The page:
This is one tip that keeps popping up in every single article about the correct way of working on any programming language, regardless of the programming language you are working on, and still people tend to forget or neglect it. Having a proper naming convention is extremely important in CSS as the door for future edits and updating is always wide open. Having irrelevant or contradicting names to the elements on your style sheet will only create troubles for you in the future. Therefore, name elements on the basis of what they are and not they do and make it a habit to maintain a convention throughout the style sheet.

7. The smaller, the better, but you can make your choice

Now this is something that a few of you might find a little surprising and confusing, but the fact is, having all the CSS declarations about a particular ids’ and classes, in the same line is actually a better practice than having it distributed over multiple lines. Newbies’ prefer having the declaration in multiple line as they feel that it gives the style sheet more clarity and makes it easier to understand, however; as you grow older in the world of CSS, you will realize that scanning through a style sheet is much easier when the declarations of a particular ids’ and classes, are in the same line. Having said that, I have realized that different people have different opinions to this tip as some like it together and others prefer it distributed, therefore; I will advice you to make your own choice according to the need and the number of declarations for the ids’ and classes.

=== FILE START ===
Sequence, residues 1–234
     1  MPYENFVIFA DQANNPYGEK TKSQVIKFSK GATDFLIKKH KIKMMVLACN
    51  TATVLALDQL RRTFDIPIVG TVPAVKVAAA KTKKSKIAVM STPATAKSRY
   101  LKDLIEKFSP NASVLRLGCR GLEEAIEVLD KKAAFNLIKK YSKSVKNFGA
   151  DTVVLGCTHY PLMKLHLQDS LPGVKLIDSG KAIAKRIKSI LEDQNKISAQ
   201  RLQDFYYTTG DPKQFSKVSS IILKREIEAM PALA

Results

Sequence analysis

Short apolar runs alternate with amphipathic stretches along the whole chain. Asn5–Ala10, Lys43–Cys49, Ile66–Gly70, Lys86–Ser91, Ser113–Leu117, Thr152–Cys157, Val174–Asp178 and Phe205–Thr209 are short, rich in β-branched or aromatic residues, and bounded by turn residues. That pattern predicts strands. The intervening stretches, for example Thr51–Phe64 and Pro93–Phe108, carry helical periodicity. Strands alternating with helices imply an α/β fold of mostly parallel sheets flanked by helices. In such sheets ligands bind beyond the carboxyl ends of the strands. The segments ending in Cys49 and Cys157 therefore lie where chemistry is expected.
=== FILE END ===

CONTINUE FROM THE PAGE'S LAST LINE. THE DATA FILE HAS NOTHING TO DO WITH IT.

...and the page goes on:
Eg:

Good Practice:

h2 {
	font-size:18px;
	border:1px solid blue;
	color:#000;
	background-color:#FFF;
}

Better Practice:

{font-size:18px; border:1px solid blue; color:#000; background-color:#FFF;}

I know what you are thinking, “How is it better? The first one looks clearer to me.” Well, give yourself some time with CSS and you will understand why the one that ‘looks’ clearer is not always the better option.

8. Shorthand is the way forward

Most of us have the knowledge of using shorthand but we prefer not taking the option because we feel that it over-complicates things. Well, keeping the style sheet smaller is very important these days and every step that can be done to achieve it must be taken with open arms. In fact, short hand is not that complicated once you get the feel of it and understand it to the core. It is actually a lot easier and efficient way of declaring on the style sheet.

Eg:

Without Shorthand:

margin-top:1em;
margin-right:0;
margin-bottom:2em;
margin-left:0.5em;

With Shorthand:

margin:1em 0 2em 0.5em;

9. Avoid Reusing

If more than one ids’ in your style sheet uses the same declarations and styling operations, it is always a good choice to merge them, provided they fall under the same category or class. It not only saves space and makes the style sheet shorter, but it also makes it more organised. Confused? The Example below will help you understand it better.

Bad Choice:

h1 {
	font-size:18px;
	border:1px solid blue;
	color:#000;
	background-color:#FFF;
}
h2 {
	font-size:18px;
	border:1px solid blue;
	color:#000;
	background-color:#FFF;
}

Good Choice:

h1, h2 {
	font-size:18px;
	border:1px solid blue;
	color:#000;
	background-color:#FFF;
}

10. Write for Gecko, tweak for Webkit if required

The problem of inadequate browser support and outdated version of web browsers is a pertaining issue and the best way to deal with it, is by being prepared. It is always a good choice to formulate your style sheet for Gecko browsers (Firefox, Netscape) first and then make the changes in Webkit (Safari, Chrome) or Internet Explorer, if required. Usually, a code that works fine in Gecko; does the same in Webkit browsers as well, therefore; it is better to take the safer route in this case.

Thanks for reading and don’t forget to visit Stone River eLearning to pick your perfect CSS elearning course today.